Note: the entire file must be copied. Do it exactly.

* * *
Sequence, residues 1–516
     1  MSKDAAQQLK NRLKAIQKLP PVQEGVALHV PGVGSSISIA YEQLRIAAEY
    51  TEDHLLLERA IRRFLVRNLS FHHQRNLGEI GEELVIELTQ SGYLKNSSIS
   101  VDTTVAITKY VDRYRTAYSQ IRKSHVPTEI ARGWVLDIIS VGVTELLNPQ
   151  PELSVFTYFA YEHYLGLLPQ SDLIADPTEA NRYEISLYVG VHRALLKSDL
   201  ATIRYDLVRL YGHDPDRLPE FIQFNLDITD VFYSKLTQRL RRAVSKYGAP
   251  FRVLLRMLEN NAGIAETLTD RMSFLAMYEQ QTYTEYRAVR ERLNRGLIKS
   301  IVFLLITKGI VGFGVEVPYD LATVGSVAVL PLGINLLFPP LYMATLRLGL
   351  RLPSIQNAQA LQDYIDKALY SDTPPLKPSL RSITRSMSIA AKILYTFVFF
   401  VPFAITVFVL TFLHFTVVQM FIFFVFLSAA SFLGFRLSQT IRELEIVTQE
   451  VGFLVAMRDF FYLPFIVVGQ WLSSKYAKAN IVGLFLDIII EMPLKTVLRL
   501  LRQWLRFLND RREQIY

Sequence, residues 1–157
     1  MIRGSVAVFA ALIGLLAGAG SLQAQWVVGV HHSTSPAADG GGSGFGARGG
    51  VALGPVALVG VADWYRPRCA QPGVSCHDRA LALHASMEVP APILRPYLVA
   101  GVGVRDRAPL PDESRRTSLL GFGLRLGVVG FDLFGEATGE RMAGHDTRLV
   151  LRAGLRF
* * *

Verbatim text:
Sequence, residues 1–516
     1  MSKDAAQQLK NRLKAIQKLP PVQEGVALHV PGVGSSISIA YEQLRIAAEY
    51  TEDHLLLERA IRRFLVRNLS FHHQRNLGEI GEELVIELTQ SGYLKNSSIS
   101  VDTTVAITKY VDRYRTAYSQ IRKSHVPTEI ARGWVLDIIS VGVTELLNPQ
   151  PELSVFTYFA YEHYLGLLPQ SDLIADPTEA NRYEISLYVG VHRALLKSDL
   201  ATIRYDLVRL YGHDPDRLPE FIQFNLDITD VFYSKLTQRL RRAVSKYGAP
   251  FRVLLRMLEN NAGIAETLTD RMSFLAMYEQ QTYTEYRAVR ERLNRGLIKS
   301  IVFLLITKGI VGFGVEVPYD LATVGSVAVL PLGINLLFPP LYMATLRLGL
   351  RLPSIQNAQA LQDYIDKALY SDTPPLKPSL RSITRSMSIA AKILYTFVFF
   401  VPFAITVFVL TFLHFTVVQM FIFFVFLSAA SFLGFRLSQT IRELEIVTQE
   451  VGFLVAMRDF FYLPFIVVGQ WLSSKYAKAN IVGLFLDIII EMPLKTVLRL
   501  LRQWLRFLND RREQIY

Sequence, residues 1–157
     1  MIRGSVAVFA ALIGLLAGAG SLQAQWVVGV HHSTSPAADG GGSGFGARGG
    51  VALGPVALVG VADWYRPRCA QPGVSCHDRA LALHASMEVP APILRPYLVA
   101  GVGVRDRAPL PDESRRTSLL GFGLRLGVVG FDLFGEATGE RMAGHDTRLV
   151  LRAGLRF